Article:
Richard Kingston, Zouave

By Rich MacAlpine

Richard Kingston in Zouave Costume

Richard Kingston

There is an indirect Yates County connection to Richard Kingston (1843-1922), the man in this photo. One of his great grandsons is Bob Evans, currently the Town of Jerusalem Historian (and YCGHS member) who loaned us the photo as well as a very detailed article that appeared in the Rochester paper at the time of his great grandfather’s death.  Of special interest is his uniform and the story behind it. Kingston lived in Rochester and joined the 140th New York Volunteer Regiment (the “Rochester Racehorses”) in the summer of 1862 at the age of nineteen. The 140th was a Zouave regiment and along with the 146th New York and 155th Pennsylvania formed a Zouave brigade.  The regiment served in defense of Washington and as part of the Army of the Potomac and fought in several key battles in Virginia (Fredericksburg, the Wilderness, Cold Harbor). They also served at Gettysburg.

Zouave units existed on both sides of the Civil War. There were seventy on the Union side

Zouave Re-enactors

Zouave Re-enactors

and 25 on the Confederate side. Their uniforms, from the modern perspective, seemed to scream “Hey! Shoot at ME!” but in their time they were considered fashionable and the men took great pride in them. The 140th received theirs as a reward for their proficiency in drill and their performance on the battlefield. The Turkish style was popularized by the French army stationed in northern Africa in the 1830s.  Richard Kingston’s uniform was made in France and was described in his 1922 death notice: “This uniform is of a very dark blue material. The trousers are of a baggy Turkish type. The jacket, also of dark blue, is trimmed with bright red braid and brass buttons. This is, of course, Turkish too. Under it was worn a bright red shirt, low at the neck and collarless. There is a sash of blue, trimmed with red, worn with the trousers. The hat is a Turkish turban of white, with a dark blue tassel and an edging of red at the bottom. The leggings are of canvas with leather tops.”

Kingston was one lucky soldier. According to his death notice, “Sergeant Kingston swam the North Anne River in Virginia and almost died of exhaustion after he reached the bank because the trousers became like barrels of water. Several times the uniform became so stiff with mud that it would stand alone.” Four times the baggy pants were penetrated by bullets. One bullet clipped the chevron on his sleeve and nearly removed it from the uniform, but through all that he was never wounded. Another time “He had gone into action wearing a new Kossuth slouch hat sent him by his father and never before worn. As with several others he deployed along some bushes. He thought a branch of a bush had slapped him across the face, but it proved that a discharge from a Confederate rifle had cut his hat brim straight through at the front and off around the brim as clean as if done with a knife, leaving it hanging by only a shred. And the charge never touched him.”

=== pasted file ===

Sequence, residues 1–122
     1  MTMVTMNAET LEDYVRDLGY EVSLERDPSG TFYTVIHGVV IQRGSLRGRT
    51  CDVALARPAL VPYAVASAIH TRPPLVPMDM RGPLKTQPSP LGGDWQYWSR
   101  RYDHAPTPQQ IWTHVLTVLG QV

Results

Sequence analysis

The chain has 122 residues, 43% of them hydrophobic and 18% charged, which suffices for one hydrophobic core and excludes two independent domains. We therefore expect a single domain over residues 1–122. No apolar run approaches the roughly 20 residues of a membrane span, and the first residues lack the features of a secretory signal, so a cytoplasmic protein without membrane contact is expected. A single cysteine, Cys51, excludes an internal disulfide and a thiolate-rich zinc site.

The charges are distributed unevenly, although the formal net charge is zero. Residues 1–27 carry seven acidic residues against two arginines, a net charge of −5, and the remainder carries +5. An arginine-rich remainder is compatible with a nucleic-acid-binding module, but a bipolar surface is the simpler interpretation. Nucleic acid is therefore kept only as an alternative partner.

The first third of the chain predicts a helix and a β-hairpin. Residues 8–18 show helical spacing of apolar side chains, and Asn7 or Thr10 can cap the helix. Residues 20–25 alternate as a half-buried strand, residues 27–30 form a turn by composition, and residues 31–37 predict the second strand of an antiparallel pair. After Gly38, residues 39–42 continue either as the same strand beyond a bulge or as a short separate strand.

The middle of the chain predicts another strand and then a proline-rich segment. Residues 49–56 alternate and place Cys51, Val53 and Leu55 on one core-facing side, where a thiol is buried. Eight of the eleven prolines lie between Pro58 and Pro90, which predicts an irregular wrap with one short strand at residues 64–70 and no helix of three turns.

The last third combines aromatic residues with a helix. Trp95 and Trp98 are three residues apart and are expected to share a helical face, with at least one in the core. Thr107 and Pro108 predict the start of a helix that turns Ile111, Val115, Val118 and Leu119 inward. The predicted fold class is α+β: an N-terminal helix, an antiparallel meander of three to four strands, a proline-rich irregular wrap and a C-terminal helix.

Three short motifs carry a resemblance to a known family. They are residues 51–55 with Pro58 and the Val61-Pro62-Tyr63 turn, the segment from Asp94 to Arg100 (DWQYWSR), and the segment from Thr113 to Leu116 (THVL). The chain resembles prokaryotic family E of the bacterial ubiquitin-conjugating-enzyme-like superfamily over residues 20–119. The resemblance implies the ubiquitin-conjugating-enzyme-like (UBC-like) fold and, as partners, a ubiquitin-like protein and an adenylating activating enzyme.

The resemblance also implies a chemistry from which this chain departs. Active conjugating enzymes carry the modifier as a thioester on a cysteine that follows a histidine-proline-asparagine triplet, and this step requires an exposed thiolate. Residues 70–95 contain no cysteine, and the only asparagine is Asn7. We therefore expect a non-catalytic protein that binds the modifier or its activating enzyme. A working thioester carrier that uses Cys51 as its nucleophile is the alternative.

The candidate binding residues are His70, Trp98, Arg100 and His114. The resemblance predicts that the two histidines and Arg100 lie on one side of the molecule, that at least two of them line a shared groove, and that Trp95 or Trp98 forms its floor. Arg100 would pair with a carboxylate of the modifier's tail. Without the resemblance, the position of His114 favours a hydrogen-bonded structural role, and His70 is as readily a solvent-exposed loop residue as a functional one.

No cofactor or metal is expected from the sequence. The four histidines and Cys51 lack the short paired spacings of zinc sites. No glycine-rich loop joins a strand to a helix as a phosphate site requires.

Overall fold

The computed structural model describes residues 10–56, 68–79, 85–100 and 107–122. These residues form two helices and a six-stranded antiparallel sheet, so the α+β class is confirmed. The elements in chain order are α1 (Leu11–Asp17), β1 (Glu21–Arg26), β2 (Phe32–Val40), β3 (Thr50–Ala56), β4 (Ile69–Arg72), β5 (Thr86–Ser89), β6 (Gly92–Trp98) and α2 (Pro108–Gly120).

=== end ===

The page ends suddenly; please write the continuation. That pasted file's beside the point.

After he was mustered out of the army in June of 1865, when most of his comrades tossed their uniforms away, he kept his to “show his children.” He eventually donated it to a museum in Rochester believing it was the last of 1,700 of those uniforms used by his regiment. As one can see in the photo, unlike many veterans, the uniform fit Richard Kingston as well in old age as it did during the war.

About Ray

Ray Copson worked for many years at the Congressional Research Service of the Library of Congress before coming to Yates County in the heart of the Finger Lakes region of New York State. He chairs the Civil War Sesquicentennial Committee of the Yates County Genealogical and Historical Society.
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